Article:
Before I could reach our cupboard drawer of shared unmentionables, Tabasco sauce ready in hand, she quickly told me that the garment should also be bought as a gift, in order to ensure the luck be protective. I understood the measured fury in her eyes, and so caught the next bus into town to buy red delicates and so protect us from bringing forth bad luck into the following lunar year. While on the bus, she mentioned that gold is also symbolically auspicious and therefore important to wear, and so I spent the rest of the journey deciding which lie to fall back on, settling at last on deleting the message and professing my ignorance about never having received the text.

Our own canine companion arrived three-ish years ago, inviting herself into my wife’s then home and settling in for the duration. It’s no exaggeration that she adopted us, rather than the other way around. Stray dogs are not much of an issue in China, certainly not in Beijing, but living near the university heavy part of town did increase sightings, as they’re common areas for people abandoning them, believing that students are more likely to take pity on doe eyed puppies and feed them. It’s true that you also saw (especially in foreigner heavy areas) that beggars (re not homeless, these are people who are brought in by gangs to the city to work in teams, but that’s another topic for a different day) almost always have four/five miniscule puppies before them, safe in the knowledge that this will increase how much us sappy idealists hand over. The sad reality being, that the puppies are always new born and never grow old. I don’t want to type it, so I’ll let you reach your own conclusions on that one.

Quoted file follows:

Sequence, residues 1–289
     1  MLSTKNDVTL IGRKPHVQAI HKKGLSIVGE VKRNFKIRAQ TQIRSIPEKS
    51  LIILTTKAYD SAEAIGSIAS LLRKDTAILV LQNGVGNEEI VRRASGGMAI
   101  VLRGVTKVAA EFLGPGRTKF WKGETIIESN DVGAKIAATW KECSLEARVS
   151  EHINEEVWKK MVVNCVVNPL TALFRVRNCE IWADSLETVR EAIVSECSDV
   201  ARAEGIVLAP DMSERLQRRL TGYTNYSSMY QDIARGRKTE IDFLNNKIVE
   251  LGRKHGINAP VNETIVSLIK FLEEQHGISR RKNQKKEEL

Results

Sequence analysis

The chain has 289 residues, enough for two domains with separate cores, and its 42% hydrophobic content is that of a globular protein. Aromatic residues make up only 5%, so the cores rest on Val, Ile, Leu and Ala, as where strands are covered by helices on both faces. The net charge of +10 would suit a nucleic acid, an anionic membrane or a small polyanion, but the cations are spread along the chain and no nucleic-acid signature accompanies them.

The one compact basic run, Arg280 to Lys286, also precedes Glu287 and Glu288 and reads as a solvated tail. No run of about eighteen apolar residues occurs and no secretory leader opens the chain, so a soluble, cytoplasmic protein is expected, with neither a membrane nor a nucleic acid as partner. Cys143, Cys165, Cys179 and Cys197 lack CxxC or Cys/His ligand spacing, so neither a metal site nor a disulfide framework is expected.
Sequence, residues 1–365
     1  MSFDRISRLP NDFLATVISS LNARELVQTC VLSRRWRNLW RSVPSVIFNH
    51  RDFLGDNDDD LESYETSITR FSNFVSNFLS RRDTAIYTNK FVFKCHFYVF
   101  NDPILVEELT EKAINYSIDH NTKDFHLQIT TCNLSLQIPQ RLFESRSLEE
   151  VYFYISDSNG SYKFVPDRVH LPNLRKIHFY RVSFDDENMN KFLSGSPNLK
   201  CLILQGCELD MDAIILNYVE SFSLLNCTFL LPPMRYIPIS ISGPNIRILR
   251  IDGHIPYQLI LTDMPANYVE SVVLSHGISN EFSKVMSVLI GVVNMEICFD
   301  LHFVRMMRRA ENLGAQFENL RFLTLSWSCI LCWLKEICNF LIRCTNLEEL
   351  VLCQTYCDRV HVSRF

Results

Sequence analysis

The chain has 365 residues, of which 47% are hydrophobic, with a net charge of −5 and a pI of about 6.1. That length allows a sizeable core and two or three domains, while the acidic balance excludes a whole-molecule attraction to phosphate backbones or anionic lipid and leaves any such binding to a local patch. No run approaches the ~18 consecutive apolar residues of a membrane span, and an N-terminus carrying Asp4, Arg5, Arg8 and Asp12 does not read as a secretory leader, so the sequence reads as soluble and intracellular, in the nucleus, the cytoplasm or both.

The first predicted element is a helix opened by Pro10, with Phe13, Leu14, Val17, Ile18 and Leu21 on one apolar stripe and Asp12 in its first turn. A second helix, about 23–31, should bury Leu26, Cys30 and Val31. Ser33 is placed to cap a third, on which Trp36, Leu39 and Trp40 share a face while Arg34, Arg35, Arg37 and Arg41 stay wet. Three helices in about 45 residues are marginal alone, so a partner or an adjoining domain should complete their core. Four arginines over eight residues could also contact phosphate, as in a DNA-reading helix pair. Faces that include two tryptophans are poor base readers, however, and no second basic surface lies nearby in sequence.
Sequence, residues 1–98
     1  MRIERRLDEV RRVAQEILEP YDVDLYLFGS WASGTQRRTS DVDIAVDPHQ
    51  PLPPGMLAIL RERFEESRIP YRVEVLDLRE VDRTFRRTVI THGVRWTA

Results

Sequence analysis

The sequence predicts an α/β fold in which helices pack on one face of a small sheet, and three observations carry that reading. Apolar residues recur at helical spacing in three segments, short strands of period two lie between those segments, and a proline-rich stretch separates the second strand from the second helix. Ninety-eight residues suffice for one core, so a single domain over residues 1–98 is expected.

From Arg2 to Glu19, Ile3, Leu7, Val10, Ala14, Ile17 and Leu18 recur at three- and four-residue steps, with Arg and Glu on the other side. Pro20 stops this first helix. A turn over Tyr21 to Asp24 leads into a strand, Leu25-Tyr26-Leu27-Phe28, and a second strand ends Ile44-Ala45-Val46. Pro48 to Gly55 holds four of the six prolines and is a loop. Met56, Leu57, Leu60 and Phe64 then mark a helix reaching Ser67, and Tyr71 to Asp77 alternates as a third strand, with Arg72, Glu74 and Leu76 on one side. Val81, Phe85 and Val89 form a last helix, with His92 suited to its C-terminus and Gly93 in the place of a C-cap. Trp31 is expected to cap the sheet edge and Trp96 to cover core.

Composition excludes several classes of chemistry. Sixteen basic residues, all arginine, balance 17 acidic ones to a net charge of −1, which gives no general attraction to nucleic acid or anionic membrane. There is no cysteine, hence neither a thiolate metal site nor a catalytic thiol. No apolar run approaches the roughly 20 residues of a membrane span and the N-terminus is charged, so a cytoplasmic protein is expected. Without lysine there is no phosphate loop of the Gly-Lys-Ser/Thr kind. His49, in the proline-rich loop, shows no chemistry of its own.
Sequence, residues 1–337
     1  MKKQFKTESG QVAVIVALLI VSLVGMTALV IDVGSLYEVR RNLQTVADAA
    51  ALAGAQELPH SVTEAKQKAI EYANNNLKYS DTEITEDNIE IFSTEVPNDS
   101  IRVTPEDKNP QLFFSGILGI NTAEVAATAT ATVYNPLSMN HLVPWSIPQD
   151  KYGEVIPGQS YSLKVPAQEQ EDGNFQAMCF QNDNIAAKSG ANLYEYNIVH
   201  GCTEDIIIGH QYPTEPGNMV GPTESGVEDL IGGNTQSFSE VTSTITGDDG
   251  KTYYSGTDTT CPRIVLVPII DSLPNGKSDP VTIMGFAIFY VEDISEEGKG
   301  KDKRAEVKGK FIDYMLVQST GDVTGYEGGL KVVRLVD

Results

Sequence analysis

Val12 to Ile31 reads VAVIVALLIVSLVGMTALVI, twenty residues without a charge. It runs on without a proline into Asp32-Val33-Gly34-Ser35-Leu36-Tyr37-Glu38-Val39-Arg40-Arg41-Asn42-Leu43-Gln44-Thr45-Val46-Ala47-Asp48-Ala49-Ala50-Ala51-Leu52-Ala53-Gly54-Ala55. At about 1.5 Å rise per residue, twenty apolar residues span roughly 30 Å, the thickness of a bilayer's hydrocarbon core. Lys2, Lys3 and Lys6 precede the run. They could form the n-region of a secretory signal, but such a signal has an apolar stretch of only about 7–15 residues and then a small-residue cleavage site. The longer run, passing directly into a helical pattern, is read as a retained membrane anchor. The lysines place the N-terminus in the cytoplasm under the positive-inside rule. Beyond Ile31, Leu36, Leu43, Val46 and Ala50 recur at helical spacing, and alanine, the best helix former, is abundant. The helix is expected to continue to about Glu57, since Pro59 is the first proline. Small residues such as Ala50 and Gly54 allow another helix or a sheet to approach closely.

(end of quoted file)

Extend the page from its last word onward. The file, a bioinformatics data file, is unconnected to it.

And so we had our little adopted mongrel, and after checking her for rabies and other general health issues, we had to issue her with a pup passport. Oh, the indignation! I had then been working for many a year in this the capital of China in some, if not arguably prestigious locations then at least always legally, paying my (very steep) taxes and doing my civic duty and yet I was and would always remain Laowai, a foreigner, praying for good fortune from one Z visa to the next. But the dog, the dog that does nothing but sleep and pee on early drafts of my work (she’s a damn harsh but arguably honest critic) then lick my face after eating discarded chicken bones from the street is allowed the privilege and status of owning a Chinese passport! The logical reason behind the pup passport system is to keep the numbers down, reduce stray populations and highlight the ownership of large/dangerous/illegal dogs. Think of it as a kind of one-pup policy, which it sort of is. I was actually stopped, on more than one occasion while out walking the little pig, and asked to produce her passport for inspection by the local community policing officer. I proudly displayed her passport, with miniature portrait photo and all, and then enquired as to why he wasn’t asking the same from the elderly woman with the visible crotch who was allowing her shivering poodle to defecate openly in the street with no sign of wipe-up paper in sight, at which he just smiled and wandered away. I let him leave, then turned to the pig and apologised. It seems that although she was nationally recognised, I would still be a nuisance for her. Then I bent down and she licked my neck and we fell further towards feeling eternally bonded.